Bringin' home the bacon, but no boyfriend

High-earning women are having trouble dating down, reports the Times.

By Tracy Clark-Flory
Published September 25, 2007 3:30AM (UTC)
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Remember a few months back when Time Out featured Broadzilla on its cover, next to the headline "Attack of the Single Women"? That cover story has been repackaged into a New York Times Style feature ... oh, goodie!

The Times reports: "For the first time, women in their 20s who work full time in several American cities -- New York, Chicago, Boston and Minneapolis -- are earning higher wages than men in the same age range, according to a recent analysis of 2005 census data ... 53 percent of women employed full time in their 20s were college graduates, compared with 38 percent of men." Nice work, ladies!

Or not. The Times warns against being deceived by the allure of financial independence and purchasing power -- it's a Trojan Horse! A recent analysis of Census data is folded into a two-page trend piece illustrating how a high-powered job spells disaster for a woman's dating life. Why? Apparently, men are intimidated by women who make more money than they do. "Women are encountering forms of hostility they weren't prepared to meet, and are trying to figure out how to balance pride in their accomplishments against their perceived need to bolster the egos of the men they date," writes the Times' Alex Williams.

So, either stop that career climb or risk becoming a well-heeled spinster with 12 cats, clothed in Prada. I'd imagine pay disparity in a relationship could very well spell disaster for some couples. But the article presents some odd evidence of this trend -- take the high-earning woman who wanted to frequent the hottest restaurants in town but couldn't because her boyfriend, who worked "creative jobs," preferred cheaper diner food. Or, consider the example of 25-year-old Jade Wannell, a producer at an ad agency who started dating an administrator at a trucking company who worked until 3 a.m. and had one hobby: bar-hopping. It's no wonder that didn't work out! Might this be more an issue of clashing interests and lifestyles?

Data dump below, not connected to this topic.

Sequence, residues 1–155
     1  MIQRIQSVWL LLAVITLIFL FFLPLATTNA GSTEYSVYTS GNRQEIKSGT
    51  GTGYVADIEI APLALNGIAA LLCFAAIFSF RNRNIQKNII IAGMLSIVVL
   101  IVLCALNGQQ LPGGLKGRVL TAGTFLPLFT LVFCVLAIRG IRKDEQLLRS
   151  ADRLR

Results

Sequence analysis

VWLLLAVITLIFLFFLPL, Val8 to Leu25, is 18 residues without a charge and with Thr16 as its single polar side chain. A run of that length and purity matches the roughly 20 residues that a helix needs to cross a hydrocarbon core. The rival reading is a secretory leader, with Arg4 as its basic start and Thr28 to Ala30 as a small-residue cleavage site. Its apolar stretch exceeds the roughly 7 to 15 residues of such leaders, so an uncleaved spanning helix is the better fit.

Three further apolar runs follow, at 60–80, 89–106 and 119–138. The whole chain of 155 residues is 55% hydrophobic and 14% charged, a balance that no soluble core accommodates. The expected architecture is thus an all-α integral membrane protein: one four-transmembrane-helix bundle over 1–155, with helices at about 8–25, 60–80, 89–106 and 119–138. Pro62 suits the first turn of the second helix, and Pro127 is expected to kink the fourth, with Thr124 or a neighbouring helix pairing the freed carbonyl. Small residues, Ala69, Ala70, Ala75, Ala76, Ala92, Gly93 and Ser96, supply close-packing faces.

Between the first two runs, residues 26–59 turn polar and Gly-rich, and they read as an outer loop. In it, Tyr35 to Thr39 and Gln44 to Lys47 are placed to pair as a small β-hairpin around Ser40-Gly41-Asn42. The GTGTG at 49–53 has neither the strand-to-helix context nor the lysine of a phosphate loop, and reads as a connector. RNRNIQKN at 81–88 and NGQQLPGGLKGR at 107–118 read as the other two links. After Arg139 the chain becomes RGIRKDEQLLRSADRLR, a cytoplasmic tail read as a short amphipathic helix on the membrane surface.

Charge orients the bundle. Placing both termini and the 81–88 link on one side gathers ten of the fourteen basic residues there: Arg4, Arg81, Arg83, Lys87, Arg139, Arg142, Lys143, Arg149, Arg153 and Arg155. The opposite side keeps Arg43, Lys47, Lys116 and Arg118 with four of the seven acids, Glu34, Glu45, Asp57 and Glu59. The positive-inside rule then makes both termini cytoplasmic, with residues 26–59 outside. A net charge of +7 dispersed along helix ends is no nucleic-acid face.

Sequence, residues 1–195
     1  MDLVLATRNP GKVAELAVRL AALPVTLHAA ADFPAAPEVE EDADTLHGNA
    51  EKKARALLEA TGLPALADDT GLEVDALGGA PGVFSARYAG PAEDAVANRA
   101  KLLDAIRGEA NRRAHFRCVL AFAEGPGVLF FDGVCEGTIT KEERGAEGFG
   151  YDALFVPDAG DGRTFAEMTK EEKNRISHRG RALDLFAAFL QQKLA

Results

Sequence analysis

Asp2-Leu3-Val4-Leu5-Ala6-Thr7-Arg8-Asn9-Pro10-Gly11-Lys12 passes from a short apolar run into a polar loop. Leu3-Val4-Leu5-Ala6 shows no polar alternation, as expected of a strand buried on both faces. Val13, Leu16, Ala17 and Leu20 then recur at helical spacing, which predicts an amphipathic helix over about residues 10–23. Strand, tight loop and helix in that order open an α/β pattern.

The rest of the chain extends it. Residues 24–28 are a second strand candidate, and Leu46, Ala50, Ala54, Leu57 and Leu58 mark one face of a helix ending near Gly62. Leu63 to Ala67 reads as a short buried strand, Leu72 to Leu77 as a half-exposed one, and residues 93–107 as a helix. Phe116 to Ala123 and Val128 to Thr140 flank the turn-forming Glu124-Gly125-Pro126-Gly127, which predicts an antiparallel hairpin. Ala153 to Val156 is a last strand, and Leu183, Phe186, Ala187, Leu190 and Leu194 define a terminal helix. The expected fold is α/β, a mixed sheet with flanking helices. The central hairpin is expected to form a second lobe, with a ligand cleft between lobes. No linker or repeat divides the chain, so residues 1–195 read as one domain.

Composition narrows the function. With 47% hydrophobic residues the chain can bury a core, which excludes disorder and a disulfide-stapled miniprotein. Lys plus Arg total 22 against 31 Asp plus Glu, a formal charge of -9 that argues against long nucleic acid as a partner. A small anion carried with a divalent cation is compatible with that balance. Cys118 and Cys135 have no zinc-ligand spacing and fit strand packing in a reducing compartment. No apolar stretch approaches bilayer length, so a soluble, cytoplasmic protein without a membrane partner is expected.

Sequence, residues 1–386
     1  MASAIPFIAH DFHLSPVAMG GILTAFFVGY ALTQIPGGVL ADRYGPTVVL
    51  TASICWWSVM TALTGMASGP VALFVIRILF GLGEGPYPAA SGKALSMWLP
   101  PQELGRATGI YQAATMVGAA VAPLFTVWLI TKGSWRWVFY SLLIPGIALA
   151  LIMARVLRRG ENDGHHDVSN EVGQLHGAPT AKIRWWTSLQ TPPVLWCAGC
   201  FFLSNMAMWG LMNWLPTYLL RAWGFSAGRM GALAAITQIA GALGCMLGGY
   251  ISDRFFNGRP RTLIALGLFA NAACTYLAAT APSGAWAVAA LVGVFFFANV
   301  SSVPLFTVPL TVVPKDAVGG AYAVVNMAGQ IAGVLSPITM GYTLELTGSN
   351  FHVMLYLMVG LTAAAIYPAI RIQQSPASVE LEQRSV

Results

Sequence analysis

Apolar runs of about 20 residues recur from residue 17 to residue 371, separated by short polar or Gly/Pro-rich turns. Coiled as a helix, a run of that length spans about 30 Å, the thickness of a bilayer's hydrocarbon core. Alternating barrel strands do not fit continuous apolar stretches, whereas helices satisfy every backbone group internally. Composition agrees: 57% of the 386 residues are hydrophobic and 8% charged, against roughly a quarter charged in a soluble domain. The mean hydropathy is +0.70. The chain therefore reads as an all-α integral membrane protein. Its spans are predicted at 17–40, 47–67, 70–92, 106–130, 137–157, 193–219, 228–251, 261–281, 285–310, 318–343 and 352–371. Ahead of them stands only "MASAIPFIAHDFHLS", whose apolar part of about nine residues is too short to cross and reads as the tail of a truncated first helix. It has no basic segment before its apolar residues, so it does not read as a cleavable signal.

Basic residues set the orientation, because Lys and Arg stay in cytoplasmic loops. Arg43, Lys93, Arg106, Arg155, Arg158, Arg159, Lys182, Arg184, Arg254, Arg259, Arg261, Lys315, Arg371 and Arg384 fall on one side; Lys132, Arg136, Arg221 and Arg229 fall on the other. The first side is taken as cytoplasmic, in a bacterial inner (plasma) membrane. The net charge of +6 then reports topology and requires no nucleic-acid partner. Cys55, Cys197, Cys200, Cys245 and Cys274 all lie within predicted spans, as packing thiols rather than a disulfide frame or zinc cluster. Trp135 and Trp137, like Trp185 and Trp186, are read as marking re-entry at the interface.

It's also problematic that the article conflates a high salary with passion. Wannell says, straight out: "It wasn't the job, it was the passion." In other words: It wasn't an issue of pay disparity but personality disparity! On the Daily Shvitz, Izzy Grinspan highlights this snag:

"[T]his article completely refuses to acknowledge that there's a difference between working hard and making money, as if any guy who's passionate about what he does will surely be healthily compensated for, you know, pursuing his dreams (and thereby that any guy who's unsuitably broke is clearly a slacker who just isn't trying hard enough.)"

At least one survey, which the Times actually cites, has shown that college women, upon graduation, overwhelmingly say they would prefer to marry a high school teacher who would act as a dedicated father than a high-earning surgeon with little time for family. The point being that "young professionally oriented women have no problem dating down if the man is secure, motivated in his own field and emotionally supportive," reports the Times. But plenty of women also have those basic requirements for dating up ... or dating someone at all. What's the story here?

Tracy Clark-Flory

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